Thoughtful reviews, the Boulder film scene

November

Walks you out of an emotional underworld back into the light —Marty Mapes (review...)

Cox lives three times in November

" There was raised the howl of “rich man’s war, poor man’s fight” "
The Civil War

MRQE Top Critic

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The guest director of the 2008 Telluride Film Festival was Slavoj Žižek, about whom I knew little and of whom I was very skeptical. We had watched a documentary on him the night before we left for Telluride, and from that brief look I couldn’t make out his philosophy: it was all big words with no concrete referents, the worst example of a professional academic.

Luckily, he was much more coherent in person.

Peter Sellars, a passholder, and Zizek
Peter Sellars, a passholder, and Zizek

Žižek has a magnetic personality. It is fascinating to watch him speak, which he does almost without pause. He’s an excellent extemporaneous speaker, and even when he gets sidetracked, the tangents are just as interesting as the main point. He is very animated, very engaging, and occasionally provocative and funny. For example, he repeated a comment about The Sound of Music, saying that in style it was fairly fascistic (rigid, Aryan, proper), in spite of its anti-Nazi story. And it illustrates his point that religion (Catholicism in this case), in spite of its appearances, is really just a club that demands lip service, rather than demanding actual sacrifice and asceticism: when Maria confesses her temptation to the mother superior, the advice she receives is not deprivation and self-control, but “Climb Every Mountain.”

Žižek is first a philosopher, but he’s also very interested in movies as a window onto philosophy. He admitted in one talk — I’d guess only partly joking — that he hadn’t actually seen half of the movies that he wrote about in the festival program because he didn’t want to spoil their idea with the reality of their production. He says he’s in good company, though; he attributed to Oscar Wilde a quote that I can’t find saying essentially the same thing; something about how reading a book is a good way to spoil it.

His introductions and analyses of the films at Telluride, then, took place a very high level. He did not comment on the performances or photography or lighting, but rather on the cultural and philosophical examples that could be drawn from the film’s central point.

He scheduled a screening of John Frankenheimer’s Seconds, in which an aging bank manager undergoes a procedure. When he wakes up, he is Rock Hudson, living the life of a well-to-do artist at a California beach house with young, free-loving friends. None of this makes him any happier, of course. Žižek says that it’s interesting because it shows that even our dreams, when they are completely fulfilled, are no escape from reality because they are rooted in reality, a theme he also found in the ending to a film made in Nazi Germany called The Great Sacrifice, which he also brought to Telluride.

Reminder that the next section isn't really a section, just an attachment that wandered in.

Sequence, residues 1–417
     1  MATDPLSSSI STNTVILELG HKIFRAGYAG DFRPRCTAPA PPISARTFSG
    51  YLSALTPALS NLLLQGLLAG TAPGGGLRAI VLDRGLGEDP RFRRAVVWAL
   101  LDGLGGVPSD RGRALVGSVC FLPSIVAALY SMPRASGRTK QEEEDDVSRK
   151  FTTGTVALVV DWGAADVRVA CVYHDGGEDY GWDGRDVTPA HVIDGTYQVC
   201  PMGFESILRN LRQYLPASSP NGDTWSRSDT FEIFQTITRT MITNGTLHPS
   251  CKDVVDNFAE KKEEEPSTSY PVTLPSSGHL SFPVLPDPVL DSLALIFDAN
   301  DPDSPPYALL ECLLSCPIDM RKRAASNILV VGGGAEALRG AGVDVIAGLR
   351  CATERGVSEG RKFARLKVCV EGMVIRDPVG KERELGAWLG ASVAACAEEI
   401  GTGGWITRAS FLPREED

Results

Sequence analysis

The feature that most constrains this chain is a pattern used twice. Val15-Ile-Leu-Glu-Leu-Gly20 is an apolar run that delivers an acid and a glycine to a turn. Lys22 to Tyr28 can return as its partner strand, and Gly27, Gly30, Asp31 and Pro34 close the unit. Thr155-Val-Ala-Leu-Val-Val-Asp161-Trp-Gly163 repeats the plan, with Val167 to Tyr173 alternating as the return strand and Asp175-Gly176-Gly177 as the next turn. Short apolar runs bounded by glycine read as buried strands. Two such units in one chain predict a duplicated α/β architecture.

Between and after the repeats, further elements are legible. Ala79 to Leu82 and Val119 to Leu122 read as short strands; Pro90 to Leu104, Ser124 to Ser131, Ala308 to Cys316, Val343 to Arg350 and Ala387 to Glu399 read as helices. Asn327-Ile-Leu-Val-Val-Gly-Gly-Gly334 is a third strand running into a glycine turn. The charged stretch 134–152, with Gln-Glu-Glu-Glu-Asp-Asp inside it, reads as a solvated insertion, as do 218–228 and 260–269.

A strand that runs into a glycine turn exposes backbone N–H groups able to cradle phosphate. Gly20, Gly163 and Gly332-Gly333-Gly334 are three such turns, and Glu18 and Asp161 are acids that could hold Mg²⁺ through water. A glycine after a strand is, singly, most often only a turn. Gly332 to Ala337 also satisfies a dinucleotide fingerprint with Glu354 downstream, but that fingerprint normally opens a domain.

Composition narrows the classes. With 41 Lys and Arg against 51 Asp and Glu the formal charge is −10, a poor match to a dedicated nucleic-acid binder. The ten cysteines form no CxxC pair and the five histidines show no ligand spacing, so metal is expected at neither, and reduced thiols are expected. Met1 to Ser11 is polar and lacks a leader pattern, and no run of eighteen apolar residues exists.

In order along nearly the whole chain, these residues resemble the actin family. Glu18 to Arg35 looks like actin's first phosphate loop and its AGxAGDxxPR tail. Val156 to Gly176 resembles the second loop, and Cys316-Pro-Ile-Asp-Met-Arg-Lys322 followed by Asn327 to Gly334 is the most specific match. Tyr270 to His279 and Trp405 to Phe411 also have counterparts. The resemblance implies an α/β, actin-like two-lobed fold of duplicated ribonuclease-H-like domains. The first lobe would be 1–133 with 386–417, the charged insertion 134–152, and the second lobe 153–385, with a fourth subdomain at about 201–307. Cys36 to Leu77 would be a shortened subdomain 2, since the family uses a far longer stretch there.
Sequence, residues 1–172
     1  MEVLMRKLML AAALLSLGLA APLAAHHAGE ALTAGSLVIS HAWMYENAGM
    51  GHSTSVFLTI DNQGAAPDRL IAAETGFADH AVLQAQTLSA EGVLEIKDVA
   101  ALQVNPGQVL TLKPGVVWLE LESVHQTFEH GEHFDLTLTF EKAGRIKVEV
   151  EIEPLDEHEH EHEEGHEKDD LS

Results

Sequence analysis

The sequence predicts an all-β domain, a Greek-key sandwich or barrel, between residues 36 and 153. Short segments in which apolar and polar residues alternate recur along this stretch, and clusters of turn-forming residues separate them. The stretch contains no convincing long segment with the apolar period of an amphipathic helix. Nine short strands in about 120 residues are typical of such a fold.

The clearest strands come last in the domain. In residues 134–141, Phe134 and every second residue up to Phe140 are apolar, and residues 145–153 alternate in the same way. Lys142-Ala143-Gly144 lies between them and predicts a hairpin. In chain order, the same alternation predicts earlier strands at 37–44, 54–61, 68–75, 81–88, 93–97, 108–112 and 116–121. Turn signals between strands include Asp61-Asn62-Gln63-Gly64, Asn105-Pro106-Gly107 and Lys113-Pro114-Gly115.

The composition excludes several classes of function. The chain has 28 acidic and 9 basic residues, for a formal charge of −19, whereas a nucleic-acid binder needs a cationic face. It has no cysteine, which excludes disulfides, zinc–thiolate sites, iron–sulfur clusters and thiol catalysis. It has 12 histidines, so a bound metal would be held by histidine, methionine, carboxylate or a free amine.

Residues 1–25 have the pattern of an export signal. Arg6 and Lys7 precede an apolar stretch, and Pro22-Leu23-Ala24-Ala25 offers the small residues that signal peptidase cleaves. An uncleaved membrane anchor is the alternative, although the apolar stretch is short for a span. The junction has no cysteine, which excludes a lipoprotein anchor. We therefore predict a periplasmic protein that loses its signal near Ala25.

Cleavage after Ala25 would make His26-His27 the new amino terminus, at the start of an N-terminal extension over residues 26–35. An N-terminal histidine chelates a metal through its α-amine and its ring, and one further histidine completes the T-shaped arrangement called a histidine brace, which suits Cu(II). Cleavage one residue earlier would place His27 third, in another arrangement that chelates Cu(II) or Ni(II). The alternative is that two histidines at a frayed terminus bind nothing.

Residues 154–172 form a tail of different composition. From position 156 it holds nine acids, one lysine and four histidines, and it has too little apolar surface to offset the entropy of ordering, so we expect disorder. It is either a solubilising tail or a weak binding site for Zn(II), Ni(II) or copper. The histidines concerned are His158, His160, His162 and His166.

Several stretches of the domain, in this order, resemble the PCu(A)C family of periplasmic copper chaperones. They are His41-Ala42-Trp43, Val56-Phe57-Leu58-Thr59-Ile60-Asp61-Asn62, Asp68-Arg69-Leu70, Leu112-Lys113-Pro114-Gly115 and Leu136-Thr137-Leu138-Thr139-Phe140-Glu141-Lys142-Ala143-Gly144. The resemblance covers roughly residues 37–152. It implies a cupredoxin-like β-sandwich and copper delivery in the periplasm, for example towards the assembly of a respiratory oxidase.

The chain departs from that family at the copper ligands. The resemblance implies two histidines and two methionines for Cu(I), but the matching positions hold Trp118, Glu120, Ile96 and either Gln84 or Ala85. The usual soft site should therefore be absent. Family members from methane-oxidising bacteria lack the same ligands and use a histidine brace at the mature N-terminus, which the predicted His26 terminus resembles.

In a delicious tangent to his talk about John Frankenheimer’s Seconds, Žižek explained what was so wrong with I am Legend. The short story on which it’s based is very multiculturalist: for us, the vampires are mythological legends, but in the short story, it is humanity that becomes the mythological legend. The title connotes seeing ourselves from the other’s point of view. Over the years, he says, the movie remakes have become more and more human-centric until this last one, which is pure human chauvinism. No longer does “legend” connote an understanding of the other’s point of view. Instead, Will Smith will become a human legend for discovering the means to destroy the other. He says it’s a very “conservative” (”right-wing” might be a better word) bastardization of an otherwise positive left-wing story.

The Great Sacrifice was shot in 1943 and 1944, and released in 1944. It’s an approachable, if unexcellent, love triangle formed by a man, his fiancée (and later bride), and his mistress. Josef Goebbels himself had something to say about the ending, which differs from the book on which it’s based. Rather than wrongly explain what Žižek got out of it (and out of the ending in particular), I’ll give you my own take. The movie features some very iconic Aryan actors and characters. Both women are blondes and the mistress is rounder and stouter. She practices archery and horse-back riding, and in one strikingly weird scene, she rides bareback on the beach in her swimsuit, target-shooting with her bow and arrow, the very picture of Aryan ideals: beauty, power, militarism, and nature. (No wonder the protagonist fell for her!) But the mistress is also sick and not long for this world. The end of the movie involves just about everyone making some sort of sacrifice for the happiness of the others. Actually, I agree with the women in my audience who think that only the female characters actually made any sacrifices. In any case, The Great Sacrifice is interesting because of its pedigree, but it’s not great cinema, and frankly the conversation it sparked wasn’t as interesting as some of the other films.

The film that Žižek brought that I wanted to see but couldn’t get in to is called The Fall of Berlin, which I only know from the blurb in the festival program and a few after-movie conversations. In short, Stalin (played by an actor) is a matchmaker in what amounts to a movie romance. There are actors playing Roosevelt and Churchill, too; they are portrayed as Nazi stooges, naturally. And Stalin himself saw to it that the production had plenty of planes and tanks for the battle scenes set in Nazi Germany. Sounds great! I hope it’s on video. Now, if only I could get Slavoj Žižek to come over and introduce it for me….